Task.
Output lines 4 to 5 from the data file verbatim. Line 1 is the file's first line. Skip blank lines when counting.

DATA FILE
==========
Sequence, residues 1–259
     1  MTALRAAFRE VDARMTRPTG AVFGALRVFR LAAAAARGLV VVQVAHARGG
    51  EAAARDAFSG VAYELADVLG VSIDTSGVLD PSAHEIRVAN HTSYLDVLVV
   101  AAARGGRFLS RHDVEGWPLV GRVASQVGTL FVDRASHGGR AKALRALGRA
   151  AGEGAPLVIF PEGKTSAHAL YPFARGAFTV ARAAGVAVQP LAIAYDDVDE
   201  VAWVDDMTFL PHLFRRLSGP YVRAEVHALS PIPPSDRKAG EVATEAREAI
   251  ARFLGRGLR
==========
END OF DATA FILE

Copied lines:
   101  AAARGGRFLS RHDVEGWPLV GRVASQVGTL FVDRASHGGR AKALRALGRA
   151  AGEGAPLVIF PEGKTSAHAL YPFARGAFTV ARAAGVAVQP LAIAYDDVDE